By Barbara Among
Remittances from Ugandans working abroad, locally called kyeyo, dropped by more than 56% from $800m (sh1.6 trillion) to $350m (sh735b) in the first quarter of the year.
The fall is set to cause a negative impact on the construction sector and small business enterprises that depended on funds from relatives abroad.
Speaking at a press conference on Friday, Bank of Uganda director Henry Opondo said the construction of personal houses was expected to slow down.
According to the bankâ€™s projections, the small and medium scale enterprises would also be affected.
â€œThe fall arose out of the fact that recession has affected jobs in Europe,â€ said Opondo.
Opondo said many Ugandans working abroad have indicated that they would be returning home. â€œSome of the kyeyo might come back but they might not come back empty handed.â€
The most affected are the middle working class and those in the business sector. Those doing odd jobs are not affected.
â€œSeriously affected are those who own business particularly the mortgage business. Those in the housing sector in UK and US have been badly affected. The business communities are sadly affected as well,â€ said Maggie Kigozi, executive director of the Uganda Investment Authority.
The remittances represent direct dollar inflows into the economy, different from foreign direct investment, which has also fallen from $778.4m to 735.4m, indicating a 5.5% drop in last financial year.
In the last decade, remittances have been central to the economy, having surpassed coffee, which only fetched $348m last year, as a foreign exchange earner.
According to Opondo, the projections are that the kyeyo cash will increase slightly to $500m (sh1 trillion) in 2010. Normally, remittances peak during the festive seasons mainly in December and during the opening of school terms.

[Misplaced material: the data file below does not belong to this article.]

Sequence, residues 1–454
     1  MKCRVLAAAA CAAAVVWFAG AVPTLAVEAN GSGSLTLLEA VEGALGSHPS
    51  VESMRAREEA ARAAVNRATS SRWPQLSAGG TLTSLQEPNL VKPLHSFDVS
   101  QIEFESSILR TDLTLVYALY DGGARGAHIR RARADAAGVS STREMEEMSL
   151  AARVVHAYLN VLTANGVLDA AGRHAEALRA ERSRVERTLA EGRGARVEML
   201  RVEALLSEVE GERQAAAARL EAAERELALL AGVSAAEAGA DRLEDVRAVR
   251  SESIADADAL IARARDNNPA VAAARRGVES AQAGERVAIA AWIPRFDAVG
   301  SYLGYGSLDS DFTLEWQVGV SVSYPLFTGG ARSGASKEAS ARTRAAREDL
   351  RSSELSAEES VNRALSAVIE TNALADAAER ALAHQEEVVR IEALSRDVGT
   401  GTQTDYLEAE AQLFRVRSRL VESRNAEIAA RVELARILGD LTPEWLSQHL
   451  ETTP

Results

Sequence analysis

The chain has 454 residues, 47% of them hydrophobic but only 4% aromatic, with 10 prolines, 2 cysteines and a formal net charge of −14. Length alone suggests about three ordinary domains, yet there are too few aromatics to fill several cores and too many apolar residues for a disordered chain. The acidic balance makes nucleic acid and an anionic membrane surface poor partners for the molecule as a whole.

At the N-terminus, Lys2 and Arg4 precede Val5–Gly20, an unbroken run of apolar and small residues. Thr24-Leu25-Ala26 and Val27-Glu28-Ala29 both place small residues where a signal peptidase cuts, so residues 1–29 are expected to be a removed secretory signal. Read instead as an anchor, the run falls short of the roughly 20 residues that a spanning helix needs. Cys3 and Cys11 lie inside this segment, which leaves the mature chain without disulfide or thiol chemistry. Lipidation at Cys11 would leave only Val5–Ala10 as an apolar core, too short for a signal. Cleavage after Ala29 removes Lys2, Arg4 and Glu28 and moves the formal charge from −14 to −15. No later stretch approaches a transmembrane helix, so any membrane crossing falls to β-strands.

However, between last December and early 2009, Ugandans abroad reduced the amount of money they were sending due to the economic crunch.
The biggest amount of kyeyo cash comes from the UK, USA, Sweden, South Africa, Canada and Japan.
The big employers in these countries continue to slash jobs and cut pay, as consumer spending takes a downturn. â€œAll these layoffs have an impact on remittances,â€ explained Kigozi.
Meanwhile, Ugandaâ€™s investment sector has continued to grow. The investment authority licensed 65 projects with a planned value of $4.2b, expected to create 8,422 jobs.
Announcing the figures on Friday, Kigozi named UK as the highest source of investment of $211m from five projects.
Other big investors are India, Kenya, Japan, Iran, China, Israel, Canada, Denmark and Sweden.
The manufacturing sector has the highest value of planed investment amounting to $185m or 44.8% of all planned investments.
The finance sector followed closely with $157m from 18 projects, but with the highest number of jobs created.
To help boost local investments, Kigozi said they had been allocated sh21b to set up a division to guide entrepreneurs of small businesses on how to sustain them.